A neighborly social call turns nightmare in the Florida panhandle.
After a painful divorce, Liana Clymer hopes that dyeing her hair red and moving to a fuchsia-painted cottage in Maypop, Fla., will give her a new start. Perky colors can’t save her, however, when she stops by the house across the street to introduce herself and sees an ad about a missing boy flashing on the neighbor’s TV screen. The boy, Justin, is right across the room from Liana, and his captor, Steven Stoat, becomes Liana’s as well. Across the state line in Alabama, Justin’s parents, Chad and Amy, have been driven apart by the strain of their son’s disappearance until Chad’s father, who abandoned him years before, comes back into his life and offers the couple hope. Meanwhile, Liana’s two grown sons, feeling guilty about not keeping in better touch with their mother, come down for a visit and find in her pink shack a gruesome clue that life in the Sunshine State hasn’t been altogether kind to Liana. In fact, she’s caught up in a cat-and-mouse game that you almost want the cat to win, just so the excruciating series of near misses and not-quite-successful escapes will finally end.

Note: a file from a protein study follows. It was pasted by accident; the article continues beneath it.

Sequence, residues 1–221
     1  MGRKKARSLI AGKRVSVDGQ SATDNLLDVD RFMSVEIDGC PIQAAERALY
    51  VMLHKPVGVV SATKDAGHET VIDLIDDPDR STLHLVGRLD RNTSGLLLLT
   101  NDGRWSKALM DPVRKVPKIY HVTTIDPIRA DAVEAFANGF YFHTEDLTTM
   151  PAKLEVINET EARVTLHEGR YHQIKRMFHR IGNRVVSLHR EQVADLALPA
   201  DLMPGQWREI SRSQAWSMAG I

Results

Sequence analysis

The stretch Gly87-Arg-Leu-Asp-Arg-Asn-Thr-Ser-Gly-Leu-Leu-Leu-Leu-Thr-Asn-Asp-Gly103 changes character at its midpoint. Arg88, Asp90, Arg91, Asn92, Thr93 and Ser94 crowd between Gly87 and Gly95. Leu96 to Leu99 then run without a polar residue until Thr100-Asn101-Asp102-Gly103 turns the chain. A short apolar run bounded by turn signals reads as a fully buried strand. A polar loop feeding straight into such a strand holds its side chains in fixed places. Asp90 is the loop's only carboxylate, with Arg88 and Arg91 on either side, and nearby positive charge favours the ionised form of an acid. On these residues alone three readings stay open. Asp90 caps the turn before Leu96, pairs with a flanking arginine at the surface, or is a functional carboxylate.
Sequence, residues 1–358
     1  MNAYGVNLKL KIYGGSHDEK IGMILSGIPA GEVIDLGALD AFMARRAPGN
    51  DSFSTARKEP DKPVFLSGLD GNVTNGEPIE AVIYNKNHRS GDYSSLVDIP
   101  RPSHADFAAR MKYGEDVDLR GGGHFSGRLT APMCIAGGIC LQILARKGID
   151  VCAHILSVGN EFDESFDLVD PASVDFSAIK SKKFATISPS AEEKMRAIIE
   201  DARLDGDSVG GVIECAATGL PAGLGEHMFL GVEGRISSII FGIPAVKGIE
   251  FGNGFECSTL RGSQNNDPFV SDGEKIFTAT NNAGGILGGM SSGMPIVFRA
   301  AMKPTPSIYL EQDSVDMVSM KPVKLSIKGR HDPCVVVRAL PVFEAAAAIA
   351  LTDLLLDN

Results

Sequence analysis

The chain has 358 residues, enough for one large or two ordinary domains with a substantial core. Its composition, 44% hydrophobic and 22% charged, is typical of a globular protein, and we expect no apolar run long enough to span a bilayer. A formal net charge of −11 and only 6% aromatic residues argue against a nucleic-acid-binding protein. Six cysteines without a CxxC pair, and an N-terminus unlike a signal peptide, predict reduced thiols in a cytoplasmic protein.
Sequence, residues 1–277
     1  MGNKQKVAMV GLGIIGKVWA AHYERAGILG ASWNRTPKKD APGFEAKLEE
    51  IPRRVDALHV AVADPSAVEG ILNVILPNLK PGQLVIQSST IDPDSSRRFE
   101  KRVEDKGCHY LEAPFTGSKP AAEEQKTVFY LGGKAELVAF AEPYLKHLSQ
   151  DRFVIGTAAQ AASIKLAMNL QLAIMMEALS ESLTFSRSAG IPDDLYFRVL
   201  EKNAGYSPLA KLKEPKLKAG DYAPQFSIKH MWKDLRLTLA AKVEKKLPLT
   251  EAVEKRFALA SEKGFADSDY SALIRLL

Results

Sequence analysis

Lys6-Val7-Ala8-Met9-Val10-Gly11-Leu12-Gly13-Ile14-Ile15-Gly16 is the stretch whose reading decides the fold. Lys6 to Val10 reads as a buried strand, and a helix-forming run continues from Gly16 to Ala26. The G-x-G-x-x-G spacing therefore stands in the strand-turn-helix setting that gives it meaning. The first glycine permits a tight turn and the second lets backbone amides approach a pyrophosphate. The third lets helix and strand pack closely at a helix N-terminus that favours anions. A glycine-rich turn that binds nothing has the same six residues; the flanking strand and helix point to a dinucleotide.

Springer (Dark Lie, 2012, etc.) has a flair for setting and characterization but not for integrating different plotlines and viewpoints. The result is a muddle of mawkishness, arch humor and gross details that drags on at least 50 pages too long.